The government has urged local education authorities to use an animation film to help students deepen their understanding of the decades-old issue of Japanese nationals abducted by North Korea, government sources said Wednesday.
By making the request in a notice sent to prefectural governors and heads of education boards, the government is seeking to raise awareness among elementary, junior and senior high school students about the past abductions.
(Megumi Yokota's parents in March 2008)
Prime Minister Shinzo Abe has been aiming to solve the issue and a source with the prime minister's office said strong public support in Japan is "essential."
The document was issued by two ministers -- the education minister and the minister in charge of the abduction issue -- in a rare move that reflects the administration's resolve, according to the sources.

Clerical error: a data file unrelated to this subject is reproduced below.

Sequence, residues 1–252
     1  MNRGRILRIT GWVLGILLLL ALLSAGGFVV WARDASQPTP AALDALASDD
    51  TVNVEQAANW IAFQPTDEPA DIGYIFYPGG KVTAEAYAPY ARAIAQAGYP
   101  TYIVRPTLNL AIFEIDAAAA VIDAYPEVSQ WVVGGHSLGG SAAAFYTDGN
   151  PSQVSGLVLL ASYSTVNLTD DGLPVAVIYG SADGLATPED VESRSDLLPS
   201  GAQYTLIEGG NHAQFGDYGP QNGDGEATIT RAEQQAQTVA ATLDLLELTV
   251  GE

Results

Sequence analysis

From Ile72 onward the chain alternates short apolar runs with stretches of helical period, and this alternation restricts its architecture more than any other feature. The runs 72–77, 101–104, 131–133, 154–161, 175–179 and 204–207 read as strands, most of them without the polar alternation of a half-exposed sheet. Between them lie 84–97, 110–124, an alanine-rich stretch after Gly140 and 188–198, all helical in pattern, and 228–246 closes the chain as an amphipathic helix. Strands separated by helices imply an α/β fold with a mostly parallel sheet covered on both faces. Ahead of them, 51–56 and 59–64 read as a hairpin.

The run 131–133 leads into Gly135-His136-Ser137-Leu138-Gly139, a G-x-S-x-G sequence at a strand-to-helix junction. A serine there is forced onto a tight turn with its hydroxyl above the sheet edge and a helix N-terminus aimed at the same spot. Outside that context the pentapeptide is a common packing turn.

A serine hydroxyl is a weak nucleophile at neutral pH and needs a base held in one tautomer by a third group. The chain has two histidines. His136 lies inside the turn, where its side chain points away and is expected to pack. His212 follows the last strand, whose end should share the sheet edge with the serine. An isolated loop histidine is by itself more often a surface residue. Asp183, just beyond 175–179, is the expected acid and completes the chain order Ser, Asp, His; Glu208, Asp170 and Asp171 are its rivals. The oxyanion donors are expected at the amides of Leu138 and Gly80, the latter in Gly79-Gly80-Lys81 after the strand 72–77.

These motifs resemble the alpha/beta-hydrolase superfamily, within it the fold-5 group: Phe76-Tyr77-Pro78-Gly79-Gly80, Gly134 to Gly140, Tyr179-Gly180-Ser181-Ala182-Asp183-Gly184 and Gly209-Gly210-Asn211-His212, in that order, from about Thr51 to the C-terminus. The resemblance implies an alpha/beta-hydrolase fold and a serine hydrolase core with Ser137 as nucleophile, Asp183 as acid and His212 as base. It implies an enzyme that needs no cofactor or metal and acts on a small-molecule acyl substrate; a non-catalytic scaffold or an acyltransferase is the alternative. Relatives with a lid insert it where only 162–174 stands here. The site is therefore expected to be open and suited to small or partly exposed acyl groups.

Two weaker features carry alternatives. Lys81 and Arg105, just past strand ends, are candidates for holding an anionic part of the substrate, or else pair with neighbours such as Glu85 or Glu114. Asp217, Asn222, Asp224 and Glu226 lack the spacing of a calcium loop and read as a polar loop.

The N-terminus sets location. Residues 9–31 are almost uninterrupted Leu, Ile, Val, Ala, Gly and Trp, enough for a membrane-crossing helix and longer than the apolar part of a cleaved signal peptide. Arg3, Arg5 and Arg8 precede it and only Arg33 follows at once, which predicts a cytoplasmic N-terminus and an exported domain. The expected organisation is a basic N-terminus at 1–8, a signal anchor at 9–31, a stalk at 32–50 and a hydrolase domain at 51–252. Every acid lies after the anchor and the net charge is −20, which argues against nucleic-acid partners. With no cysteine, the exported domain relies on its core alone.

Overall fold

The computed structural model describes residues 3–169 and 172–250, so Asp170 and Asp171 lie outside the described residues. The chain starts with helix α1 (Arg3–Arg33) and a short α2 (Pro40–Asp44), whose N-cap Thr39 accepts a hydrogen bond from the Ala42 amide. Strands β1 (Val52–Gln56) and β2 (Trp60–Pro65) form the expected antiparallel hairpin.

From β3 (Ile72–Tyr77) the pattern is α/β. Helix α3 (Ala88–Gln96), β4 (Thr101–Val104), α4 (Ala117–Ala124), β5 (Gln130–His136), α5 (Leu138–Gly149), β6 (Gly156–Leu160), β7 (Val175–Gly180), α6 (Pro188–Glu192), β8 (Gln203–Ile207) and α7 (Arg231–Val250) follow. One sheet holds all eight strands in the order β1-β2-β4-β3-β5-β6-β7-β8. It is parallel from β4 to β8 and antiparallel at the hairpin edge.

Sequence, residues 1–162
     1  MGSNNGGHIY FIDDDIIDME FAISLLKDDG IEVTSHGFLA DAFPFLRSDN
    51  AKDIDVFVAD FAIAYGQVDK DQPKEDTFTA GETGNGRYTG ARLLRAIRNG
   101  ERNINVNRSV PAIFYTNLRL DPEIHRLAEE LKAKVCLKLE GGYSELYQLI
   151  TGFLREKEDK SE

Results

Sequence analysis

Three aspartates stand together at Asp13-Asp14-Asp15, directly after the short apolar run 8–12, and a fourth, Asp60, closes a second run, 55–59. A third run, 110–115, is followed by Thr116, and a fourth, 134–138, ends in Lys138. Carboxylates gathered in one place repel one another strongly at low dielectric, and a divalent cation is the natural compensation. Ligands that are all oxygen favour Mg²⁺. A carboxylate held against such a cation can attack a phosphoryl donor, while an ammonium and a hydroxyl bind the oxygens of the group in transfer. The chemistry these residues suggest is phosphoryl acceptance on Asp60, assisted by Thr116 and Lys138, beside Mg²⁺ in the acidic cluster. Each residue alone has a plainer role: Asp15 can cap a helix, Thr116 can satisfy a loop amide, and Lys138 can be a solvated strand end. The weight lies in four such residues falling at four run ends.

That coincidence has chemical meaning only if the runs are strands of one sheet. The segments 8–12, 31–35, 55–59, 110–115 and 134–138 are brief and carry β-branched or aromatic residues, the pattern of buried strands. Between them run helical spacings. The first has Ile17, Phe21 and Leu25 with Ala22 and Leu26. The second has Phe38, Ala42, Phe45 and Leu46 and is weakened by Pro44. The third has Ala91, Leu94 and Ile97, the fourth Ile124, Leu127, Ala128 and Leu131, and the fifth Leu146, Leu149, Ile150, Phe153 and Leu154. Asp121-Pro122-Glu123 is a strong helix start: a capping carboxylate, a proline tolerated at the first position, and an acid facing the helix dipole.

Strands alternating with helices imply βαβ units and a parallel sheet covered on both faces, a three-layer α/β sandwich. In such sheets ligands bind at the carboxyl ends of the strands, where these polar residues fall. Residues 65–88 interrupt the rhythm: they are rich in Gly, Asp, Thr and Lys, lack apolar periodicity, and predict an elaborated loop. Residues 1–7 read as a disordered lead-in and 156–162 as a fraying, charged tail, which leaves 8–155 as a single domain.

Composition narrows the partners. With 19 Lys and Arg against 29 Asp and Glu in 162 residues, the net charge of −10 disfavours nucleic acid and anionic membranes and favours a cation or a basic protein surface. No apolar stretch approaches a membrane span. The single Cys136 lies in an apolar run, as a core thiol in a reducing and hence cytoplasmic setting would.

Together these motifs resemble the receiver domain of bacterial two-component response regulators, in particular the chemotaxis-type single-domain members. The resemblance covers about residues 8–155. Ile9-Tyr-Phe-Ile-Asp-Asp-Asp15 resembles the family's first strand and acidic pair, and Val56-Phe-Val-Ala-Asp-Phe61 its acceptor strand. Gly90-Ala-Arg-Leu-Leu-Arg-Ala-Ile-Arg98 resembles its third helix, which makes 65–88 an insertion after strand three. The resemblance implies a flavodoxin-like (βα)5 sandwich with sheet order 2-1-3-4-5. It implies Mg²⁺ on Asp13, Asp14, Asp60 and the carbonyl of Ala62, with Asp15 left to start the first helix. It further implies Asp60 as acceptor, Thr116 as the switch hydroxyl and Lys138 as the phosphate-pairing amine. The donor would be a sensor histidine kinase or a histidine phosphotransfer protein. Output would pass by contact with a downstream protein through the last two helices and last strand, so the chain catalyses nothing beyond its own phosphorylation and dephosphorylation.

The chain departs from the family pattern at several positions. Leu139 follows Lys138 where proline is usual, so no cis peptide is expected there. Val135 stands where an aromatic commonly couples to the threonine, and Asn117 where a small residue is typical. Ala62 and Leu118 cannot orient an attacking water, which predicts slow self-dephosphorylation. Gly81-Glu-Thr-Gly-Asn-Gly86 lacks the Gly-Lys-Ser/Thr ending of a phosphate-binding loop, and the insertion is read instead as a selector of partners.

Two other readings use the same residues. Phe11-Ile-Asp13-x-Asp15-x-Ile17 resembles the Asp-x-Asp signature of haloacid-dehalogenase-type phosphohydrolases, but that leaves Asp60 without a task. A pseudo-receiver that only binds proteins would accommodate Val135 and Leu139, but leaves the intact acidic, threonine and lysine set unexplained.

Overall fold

The notice encourages schools to use the animation "Megumi" that depicts the story of Megumi Yokota, who was abducted by North Korea at the age of 13.
It also calls for teachers to participate in training this fall to better understand the gravity of the issue and pass it on to their students.
Japan officially lists 17 citizens as having been abducted by North Korean agents, and suspects Pyongyang's involvement in the disappearance of other Japanese nationals.
The waning of public interest is seen as a challenge as more than 15 years have passed since five abductees returned to Japan from North Korea in 2002.